Food and Drug Administration, HHS.
The Food and Drug Administration (FDA) is announcing the Start Printed Page 13130availability of a guidance for industry entitled “Prescription Drug Marketing Act—Donation of Prescription Drug Samples to Free Clinics.” The guidance provides information for free clinics that receive donated prescription drug samples from licensed practitioners or other charitable institutions. The guidance discusses concerns that have been expressed by certain individuals regarding regulatory requirements for drug sample donations. The guidance announces that FDA, after reviewing an independent study report analyzing the potential effects of the regulations on free clinics, has decided to propose revisions to those regulations. In the interim, FDA intends to exercise its enforcement discretion and does not intend to object if a free clinic fails to comply with certain regulatory requirements for drug sample donations.
General comments on agency guidance documents are welcome at any time.
Submit written requests for single copies of this guidance to the Division of Drug Information (HFD-240), Center for Drug Evaluation and Research, Food and Drug Administration, 5600 Fishers Lane, Rockville, MD 20857. Send one self-addressed adhesive label to assist that office in processing your requests. Submit written comments on the guidance to the Division of Dockets Management (HFA-305), Food and Drug Administration, 5630 Fishers Lane, rm. 1061, Rockville, MD 20852. Submit electronic comments to http://www.fda.gov/dockets/ecomments. See the SUPPLEMENTARY INFORMATION section for electronic access to the guidance document.Start Further Info
FOR FURTHER INFORMATION CONTACT:
Meredith S. Francis, Office of Regulatory Policy (HFD-7), Center for Drug Evaluation and Research, 5600 Fishers Lane, Rockville, MD 20857, 301-594-2041.End Further Info End Preamble Start Supplemental Information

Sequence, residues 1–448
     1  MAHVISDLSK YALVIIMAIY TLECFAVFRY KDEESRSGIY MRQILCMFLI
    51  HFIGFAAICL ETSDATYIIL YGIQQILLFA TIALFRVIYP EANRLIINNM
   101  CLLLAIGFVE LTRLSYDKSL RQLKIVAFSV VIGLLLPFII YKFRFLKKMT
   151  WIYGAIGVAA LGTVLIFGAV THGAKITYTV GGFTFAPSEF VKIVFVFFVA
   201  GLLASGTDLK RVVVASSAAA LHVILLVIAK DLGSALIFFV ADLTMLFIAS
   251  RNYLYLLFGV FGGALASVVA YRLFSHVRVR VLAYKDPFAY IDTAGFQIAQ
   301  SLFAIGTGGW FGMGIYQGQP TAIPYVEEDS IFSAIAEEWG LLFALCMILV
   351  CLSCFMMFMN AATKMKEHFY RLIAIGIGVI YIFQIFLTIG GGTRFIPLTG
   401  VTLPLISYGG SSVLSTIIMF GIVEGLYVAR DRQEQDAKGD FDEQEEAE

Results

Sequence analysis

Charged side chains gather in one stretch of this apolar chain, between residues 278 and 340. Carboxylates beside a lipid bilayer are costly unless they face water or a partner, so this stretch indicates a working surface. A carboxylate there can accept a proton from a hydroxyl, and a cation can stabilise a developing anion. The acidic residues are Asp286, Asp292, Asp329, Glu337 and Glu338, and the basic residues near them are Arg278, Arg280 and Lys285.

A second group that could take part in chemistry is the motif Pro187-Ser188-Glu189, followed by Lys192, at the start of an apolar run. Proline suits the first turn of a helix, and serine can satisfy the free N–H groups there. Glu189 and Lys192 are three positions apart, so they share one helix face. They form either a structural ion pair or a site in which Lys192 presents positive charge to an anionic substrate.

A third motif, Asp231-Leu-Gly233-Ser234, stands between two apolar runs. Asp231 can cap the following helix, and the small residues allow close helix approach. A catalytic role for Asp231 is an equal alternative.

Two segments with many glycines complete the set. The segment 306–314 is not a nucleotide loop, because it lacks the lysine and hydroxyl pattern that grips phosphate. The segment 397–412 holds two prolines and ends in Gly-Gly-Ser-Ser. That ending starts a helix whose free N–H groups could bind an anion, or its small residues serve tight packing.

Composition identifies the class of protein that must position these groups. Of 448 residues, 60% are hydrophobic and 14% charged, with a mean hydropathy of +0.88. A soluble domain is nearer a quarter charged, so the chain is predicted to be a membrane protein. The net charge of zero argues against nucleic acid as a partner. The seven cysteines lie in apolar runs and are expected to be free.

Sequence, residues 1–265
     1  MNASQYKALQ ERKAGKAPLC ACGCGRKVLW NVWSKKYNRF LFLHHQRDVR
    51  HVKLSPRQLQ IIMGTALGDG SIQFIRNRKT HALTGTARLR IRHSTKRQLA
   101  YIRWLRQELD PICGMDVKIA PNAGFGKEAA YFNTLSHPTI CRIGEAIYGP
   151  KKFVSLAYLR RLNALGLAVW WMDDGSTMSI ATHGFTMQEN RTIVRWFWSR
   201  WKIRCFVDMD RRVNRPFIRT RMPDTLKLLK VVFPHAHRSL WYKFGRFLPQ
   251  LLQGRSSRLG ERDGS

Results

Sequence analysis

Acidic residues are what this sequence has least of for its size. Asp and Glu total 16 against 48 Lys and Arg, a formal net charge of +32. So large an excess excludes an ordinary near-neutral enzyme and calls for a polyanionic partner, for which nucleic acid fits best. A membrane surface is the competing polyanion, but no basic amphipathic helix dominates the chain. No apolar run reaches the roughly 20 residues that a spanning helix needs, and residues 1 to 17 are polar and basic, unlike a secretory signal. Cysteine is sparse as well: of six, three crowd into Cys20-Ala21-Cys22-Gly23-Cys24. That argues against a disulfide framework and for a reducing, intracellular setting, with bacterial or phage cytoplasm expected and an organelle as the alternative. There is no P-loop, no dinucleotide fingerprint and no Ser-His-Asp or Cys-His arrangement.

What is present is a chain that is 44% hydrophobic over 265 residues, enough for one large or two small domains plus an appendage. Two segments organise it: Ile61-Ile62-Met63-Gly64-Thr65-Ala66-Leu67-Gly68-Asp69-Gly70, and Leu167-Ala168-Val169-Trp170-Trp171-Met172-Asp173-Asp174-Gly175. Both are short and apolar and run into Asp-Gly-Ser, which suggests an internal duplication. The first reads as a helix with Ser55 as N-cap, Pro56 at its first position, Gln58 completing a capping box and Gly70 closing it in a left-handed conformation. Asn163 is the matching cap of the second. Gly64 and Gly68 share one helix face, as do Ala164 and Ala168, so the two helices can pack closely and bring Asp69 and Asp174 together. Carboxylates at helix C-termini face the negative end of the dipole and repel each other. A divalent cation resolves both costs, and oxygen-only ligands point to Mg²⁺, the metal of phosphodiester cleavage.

FDA is announcing the availability of a guidance for industry entitled “Prescription Drug Marketing Act—Donation of Prescription Drug Samples to Free Clinics.” Section 203.39 (21 CFR 203.39) of the agency's regulations sets forth requirements for donation of prescription drug samples to charitable institutions. “Charitable institution” or “charitable organization” is defined in § 203.3(f) as “a nonprofit hospital, health care entity, organization, institution, foundation, association, or corporation that has been granted an exemption under section 501(c)(3) of the Internal Revenue Code of 1954, as amended.” Under § 203.39, a charitable institution may receive drug samples donated by a licensed practitioner or another charitable institution for dispensing to its patients, or may donate a drug sample to another charitable institution for dispensing to its patients, provided certain requirements are met. These requirements include, among other things, that a drug sample donated to a charitable institution must be inspected by a licensed practitioner or registered pharmacist, and that drug sample receipt and distribution records be maintained by the institution and retained for a minimum of 3 years.